Cheap and versatile cover all card. It is not the most mana efficient when compared to a lot of coloured removal options but when compared to the colourless ones it looks pretty cheap indeed. Especially when considered how low end it is. Explosives lets you run mass removal effects in decks with permanents in them. It lets you pack artifact and enchantment hate without having to dedicate a card to doing that. Really Explosives is just the good versions of Ratchet Bomb and Powder Keg. It kills all tokens for 2 mana and it controls low end CMC permanents quite well. Where explosives shines over the others is in its ability to get huge swings or big X for <X plays. Killing multiple tokens is good but it is not that often card advantage to do so. Killing a couple of two drops however is much more of a proper two for one and is good value. Explosives will cost you four mana to do so making it not much of a tempo play however it can do so without having to sit in play charging up and therefore without warning. Giving no warning means much high chances of catching people off guard and getting a big swing. It is pretty hard to recover any game in which Explosives gets a couple of one, two, or three drop cards of yours in the early game while losing nothing else themselves.
2. Walking Ballista
This card is everywhere. It is a bit like the new Jitte in that regard. It is not overly broken in power level but it just has nothing wrong with it. Ballista is just an all round great card and like Jitte it provides a good weenie removal option to all the non-red colours. Late enough in the game it provides removal for more serious threats but if you are getting your Ballista that big you are likely well on the way to winning anyway. Ballista is a fine two drop and it is a fine eight drop. It provides reach, a mana sink, more options than you can shake a stick at and synergies all over the shop. It does all this while mostly being a two mana Mogg Fanatic! It might legitimately be the most played non-land card in my cube. It is just that little bit too convenient.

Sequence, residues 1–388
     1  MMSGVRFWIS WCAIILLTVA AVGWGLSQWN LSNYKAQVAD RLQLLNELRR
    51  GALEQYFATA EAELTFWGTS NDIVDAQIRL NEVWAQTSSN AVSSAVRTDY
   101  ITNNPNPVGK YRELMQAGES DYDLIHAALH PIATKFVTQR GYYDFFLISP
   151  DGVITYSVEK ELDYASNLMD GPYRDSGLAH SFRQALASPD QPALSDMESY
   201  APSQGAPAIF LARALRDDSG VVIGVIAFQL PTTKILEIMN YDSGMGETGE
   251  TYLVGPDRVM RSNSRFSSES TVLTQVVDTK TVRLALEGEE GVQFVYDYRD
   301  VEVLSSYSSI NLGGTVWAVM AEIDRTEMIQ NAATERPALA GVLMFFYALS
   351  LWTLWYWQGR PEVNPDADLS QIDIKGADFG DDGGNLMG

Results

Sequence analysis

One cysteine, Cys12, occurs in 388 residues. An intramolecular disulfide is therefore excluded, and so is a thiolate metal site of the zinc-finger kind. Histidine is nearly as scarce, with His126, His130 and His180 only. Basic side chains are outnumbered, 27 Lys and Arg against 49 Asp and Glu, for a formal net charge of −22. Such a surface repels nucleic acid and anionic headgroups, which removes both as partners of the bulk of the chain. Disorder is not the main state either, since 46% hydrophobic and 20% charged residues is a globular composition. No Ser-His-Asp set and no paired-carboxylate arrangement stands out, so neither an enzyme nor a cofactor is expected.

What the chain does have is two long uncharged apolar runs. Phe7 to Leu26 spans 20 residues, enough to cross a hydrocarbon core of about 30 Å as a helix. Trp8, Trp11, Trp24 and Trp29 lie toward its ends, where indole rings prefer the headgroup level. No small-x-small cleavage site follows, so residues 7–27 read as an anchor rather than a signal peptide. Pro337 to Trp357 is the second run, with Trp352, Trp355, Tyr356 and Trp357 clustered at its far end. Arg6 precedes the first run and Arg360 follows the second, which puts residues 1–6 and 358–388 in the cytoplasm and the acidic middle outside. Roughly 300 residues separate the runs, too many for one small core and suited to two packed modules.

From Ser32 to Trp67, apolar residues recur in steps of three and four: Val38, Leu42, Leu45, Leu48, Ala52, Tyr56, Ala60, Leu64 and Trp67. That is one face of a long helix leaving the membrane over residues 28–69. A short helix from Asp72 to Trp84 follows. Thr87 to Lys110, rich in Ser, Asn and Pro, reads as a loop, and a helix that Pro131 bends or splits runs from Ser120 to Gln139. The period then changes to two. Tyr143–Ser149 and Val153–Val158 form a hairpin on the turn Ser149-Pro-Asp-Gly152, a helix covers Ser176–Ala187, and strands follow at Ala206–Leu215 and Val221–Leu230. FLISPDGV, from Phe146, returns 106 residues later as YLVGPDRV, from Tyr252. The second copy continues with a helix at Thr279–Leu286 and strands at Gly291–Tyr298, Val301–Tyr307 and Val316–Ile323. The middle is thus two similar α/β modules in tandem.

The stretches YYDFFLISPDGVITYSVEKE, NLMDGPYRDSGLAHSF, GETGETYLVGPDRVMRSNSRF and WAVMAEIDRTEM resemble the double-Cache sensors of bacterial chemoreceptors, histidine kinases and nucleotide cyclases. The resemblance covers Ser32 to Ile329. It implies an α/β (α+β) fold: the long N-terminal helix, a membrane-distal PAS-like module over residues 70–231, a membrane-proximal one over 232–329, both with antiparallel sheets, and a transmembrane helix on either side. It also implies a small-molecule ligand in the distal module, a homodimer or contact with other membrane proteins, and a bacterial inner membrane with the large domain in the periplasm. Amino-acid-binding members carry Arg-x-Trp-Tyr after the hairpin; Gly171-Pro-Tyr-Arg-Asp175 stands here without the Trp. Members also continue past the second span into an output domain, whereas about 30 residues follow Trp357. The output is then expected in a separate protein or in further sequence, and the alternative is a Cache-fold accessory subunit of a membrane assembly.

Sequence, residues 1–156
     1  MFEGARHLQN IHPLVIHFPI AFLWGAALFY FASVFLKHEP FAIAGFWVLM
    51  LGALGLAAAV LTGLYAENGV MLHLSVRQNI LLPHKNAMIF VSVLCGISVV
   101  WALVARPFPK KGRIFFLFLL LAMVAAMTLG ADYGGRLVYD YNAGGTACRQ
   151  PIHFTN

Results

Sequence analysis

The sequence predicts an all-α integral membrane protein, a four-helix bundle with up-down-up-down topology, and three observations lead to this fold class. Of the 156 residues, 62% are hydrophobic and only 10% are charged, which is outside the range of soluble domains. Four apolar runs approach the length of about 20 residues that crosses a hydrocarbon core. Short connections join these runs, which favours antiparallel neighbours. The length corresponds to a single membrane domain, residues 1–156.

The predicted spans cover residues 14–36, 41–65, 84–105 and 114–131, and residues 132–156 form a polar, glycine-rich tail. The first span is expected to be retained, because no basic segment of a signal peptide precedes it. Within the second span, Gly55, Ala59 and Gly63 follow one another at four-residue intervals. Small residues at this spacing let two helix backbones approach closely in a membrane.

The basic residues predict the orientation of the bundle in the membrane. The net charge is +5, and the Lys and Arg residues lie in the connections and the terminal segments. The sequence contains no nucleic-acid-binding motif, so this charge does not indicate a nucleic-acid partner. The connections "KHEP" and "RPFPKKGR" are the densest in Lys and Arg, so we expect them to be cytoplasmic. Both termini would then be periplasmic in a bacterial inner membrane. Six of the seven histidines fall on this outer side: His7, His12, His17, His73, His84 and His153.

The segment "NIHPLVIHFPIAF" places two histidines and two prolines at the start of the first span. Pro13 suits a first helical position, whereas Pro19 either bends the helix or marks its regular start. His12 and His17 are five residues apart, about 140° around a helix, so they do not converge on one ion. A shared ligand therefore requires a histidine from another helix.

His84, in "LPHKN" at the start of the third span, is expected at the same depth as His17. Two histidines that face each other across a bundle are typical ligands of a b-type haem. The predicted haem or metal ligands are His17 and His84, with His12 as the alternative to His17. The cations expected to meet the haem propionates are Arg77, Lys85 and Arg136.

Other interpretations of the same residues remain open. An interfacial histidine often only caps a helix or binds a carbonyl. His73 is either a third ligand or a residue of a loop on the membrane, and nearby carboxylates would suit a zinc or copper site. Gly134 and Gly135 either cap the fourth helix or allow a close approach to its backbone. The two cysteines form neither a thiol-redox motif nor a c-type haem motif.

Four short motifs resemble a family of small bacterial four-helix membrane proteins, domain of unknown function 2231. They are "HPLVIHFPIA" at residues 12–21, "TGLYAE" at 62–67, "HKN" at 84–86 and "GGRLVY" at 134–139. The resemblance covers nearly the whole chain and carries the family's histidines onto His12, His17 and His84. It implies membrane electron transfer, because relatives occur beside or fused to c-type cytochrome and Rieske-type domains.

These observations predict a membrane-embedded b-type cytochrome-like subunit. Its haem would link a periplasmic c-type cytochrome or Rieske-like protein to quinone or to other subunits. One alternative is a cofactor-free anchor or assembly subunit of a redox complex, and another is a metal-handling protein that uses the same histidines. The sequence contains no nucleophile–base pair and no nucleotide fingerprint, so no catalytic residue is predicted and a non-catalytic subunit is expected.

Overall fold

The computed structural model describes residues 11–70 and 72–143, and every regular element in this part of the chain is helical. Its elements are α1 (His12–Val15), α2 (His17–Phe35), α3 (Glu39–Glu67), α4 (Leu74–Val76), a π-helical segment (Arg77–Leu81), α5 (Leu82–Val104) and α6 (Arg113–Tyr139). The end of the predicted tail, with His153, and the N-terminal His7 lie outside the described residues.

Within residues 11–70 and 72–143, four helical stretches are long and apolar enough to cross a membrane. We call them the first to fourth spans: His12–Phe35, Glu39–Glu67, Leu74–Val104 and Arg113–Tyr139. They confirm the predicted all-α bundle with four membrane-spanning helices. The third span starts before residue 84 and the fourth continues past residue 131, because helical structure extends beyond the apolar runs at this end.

Although not strictly a colourless card it is played in that capacity an awful lot. Even in black decks this is most commonly cast in the one mana pay four life mode. Blue and green decks run this all the time so as to have answers for creatures. Red decks even play this sometimes as a tool to deal with protection effects. Even white decks run this when they didn't have quite enough Paths and Plows! Dismember is nominally a very powerful removal effect and comfortably ranks in the top five creature spot removal spells in the game. It is as cheap as it comes, it deals with most things, has no restrictions on targetting and is the all important instant speed. It is the only card on this list that affords that biting early tempo swing that a well placed spot removal is played to do. It is not something that has fairly polar performance based on what you are playing against like Engineered Explosives nor a card that needs specific builds like Ugin or Karn. Dismember can basically be played anywhere and usually is. Sure, you can't find it with an Ancient Stirrings, a Mother of Runes can protect against it, a Chameleon Colossus can ignore it as per other black spot removal and if that bothers you for the spirit of this list then by all means just bump everything else up by one, have Ballista at the top, and ignore this. In practive however, when you are looking for removal options for your decks, absolutely don't forget Dismember regardless of your colours.